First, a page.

All teachers encounter the same problem when they are faced with a classroom full of fearful-looking children, rowdy teenagers or inquisitive adults alike – where do I begin? But what do you do when you don’t speak the local language and your classroom-full of students don’t speak English either? Sounds impossible, right? Wrong!
Thousands of TEFL (Teaching English as a Foreign Language) teachers do this all day, every day, all around the world. I know what you’re thinking…they must be mad! Wrong again…adventurous, yes!

How Can I Get Around the Language Barrier?
It might sound like you’re trying to achieve the impossible but in actual fact the reason why there is such a high demand for English teachers (and ones that can’t speak the local language) is that schools want their pupils to be completely immersed. In the adult world, many businesses are also aiming for complete immersion when it comes to learning English as a Foreign Language – so the need for English-speaking teachers is a universal one!
Some top tips and ideas:

  • Use visual aids! This is the easiest way for you and your students to meet in the middle. This is great for presenting new vocabulary as you can accompany the image of the new word with a round of drilling! Visual aids/realia can vary from images, slideshows, videos and even hand-drawn images. So, unless you are terrible at drawing…you can’t go wrong!
  • Be confident in what you’re teaching – your pupils will be looking to you as the respected authority so it’s therefore really important that you know your grammar – no pressure!
  • Tailor your lessons to the right age-group – although everyone loves a good ice-breaker game, a lesson involving lots of running around will obviously not be appropriate for all ages.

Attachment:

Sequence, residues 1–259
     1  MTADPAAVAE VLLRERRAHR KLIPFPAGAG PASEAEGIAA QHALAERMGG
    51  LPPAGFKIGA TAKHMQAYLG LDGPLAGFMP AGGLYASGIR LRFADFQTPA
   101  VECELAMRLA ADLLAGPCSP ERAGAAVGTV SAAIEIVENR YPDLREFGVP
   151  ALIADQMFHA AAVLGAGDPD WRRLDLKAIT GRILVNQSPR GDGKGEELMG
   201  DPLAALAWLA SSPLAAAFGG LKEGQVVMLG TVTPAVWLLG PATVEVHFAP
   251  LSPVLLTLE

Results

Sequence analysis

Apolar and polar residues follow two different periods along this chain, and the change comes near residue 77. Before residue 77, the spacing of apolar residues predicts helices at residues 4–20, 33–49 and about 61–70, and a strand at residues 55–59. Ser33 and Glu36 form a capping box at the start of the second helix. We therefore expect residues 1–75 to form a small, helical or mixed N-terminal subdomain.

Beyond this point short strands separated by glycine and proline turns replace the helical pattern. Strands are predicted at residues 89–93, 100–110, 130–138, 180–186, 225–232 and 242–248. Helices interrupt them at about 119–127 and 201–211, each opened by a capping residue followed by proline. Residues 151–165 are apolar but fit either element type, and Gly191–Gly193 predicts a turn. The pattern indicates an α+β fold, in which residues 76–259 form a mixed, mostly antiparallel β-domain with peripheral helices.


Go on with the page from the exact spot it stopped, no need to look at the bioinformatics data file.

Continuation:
• Be culture-conscious – it is also highly important to do your research on the local culture – especially with things such as gestures and games. For example, in Japan it is not considered culturally acceptable for teachers to suggest a game of hangman.

The Main Challenge?

  • Frustration – yep we never said that teaching English as a Foreign Language would be easy! There will be times when you feel like you’re just not getting through to your students. Take a deep-breath, have another look over your lesson plan and try, try again.

Should I Learn the Local Language?

Many new TEFL teachers feel more comfortable teaching in a country where they at least have some understanding of the local language – for example, many English-speakers set their sights on the likes of France or Spanish-speaking countries – putting those school language lessons from all those years ago to good use!
BUT what if you want to go and teach in a remote part of Vietnam? Unless I’m mistaken, Vietnamese wasn’t really on many schools’ curriculums…
The TEFL industry seems to be divided when it comes to whether or not you should speak the local language. This is what I think – only speak English in the classroom as there are ways to get around the language barrier (as discussed above!) but definitely try and learn the local language in your down-time – especially if you’re aiming for cultural immersion. Plus, it’s always a nice feeling to chat to the shopkeeper when you’re buying your groceries or when you can have local friends outside your expat crowd!
Bottom line: You don’t need to be able to speak the local language to teach English abroad…and be good at it!
About The Author: Helen Hargreave is one of the TEFL Experts at i-to-i TEFL you can read more articles by Helen here.